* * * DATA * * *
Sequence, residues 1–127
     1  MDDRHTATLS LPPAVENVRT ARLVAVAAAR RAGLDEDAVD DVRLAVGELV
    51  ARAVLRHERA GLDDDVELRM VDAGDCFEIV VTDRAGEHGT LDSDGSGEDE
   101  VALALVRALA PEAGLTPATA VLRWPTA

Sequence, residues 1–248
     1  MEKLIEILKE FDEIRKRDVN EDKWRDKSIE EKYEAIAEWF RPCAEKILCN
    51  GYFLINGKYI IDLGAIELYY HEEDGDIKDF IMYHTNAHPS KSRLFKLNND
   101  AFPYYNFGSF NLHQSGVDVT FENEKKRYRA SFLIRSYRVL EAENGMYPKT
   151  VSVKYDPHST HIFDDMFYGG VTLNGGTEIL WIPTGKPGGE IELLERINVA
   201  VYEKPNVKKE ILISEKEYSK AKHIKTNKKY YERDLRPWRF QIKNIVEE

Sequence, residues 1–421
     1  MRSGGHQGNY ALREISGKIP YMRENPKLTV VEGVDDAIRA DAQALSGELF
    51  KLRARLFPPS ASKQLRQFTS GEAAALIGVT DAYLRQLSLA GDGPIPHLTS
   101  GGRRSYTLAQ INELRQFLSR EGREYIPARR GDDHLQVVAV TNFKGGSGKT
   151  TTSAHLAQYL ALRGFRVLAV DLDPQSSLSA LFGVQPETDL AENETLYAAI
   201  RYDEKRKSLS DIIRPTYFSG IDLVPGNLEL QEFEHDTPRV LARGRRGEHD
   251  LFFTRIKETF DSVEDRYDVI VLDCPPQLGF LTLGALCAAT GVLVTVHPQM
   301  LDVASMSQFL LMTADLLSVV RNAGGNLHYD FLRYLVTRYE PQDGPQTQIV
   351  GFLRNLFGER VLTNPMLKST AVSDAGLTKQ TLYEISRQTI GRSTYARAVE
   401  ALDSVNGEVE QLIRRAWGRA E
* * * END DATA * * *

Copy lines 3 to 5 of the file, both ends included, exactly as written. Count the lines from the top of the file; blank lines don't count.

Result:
    51  ARAVLRHERA GLDDDVELRM VDAGDCFEIV VTDRAGEHGT LDSDGSGEDE
   101  VALALVRALA PEAGLTPATA VLRWPTA

Sequence, residues 1–248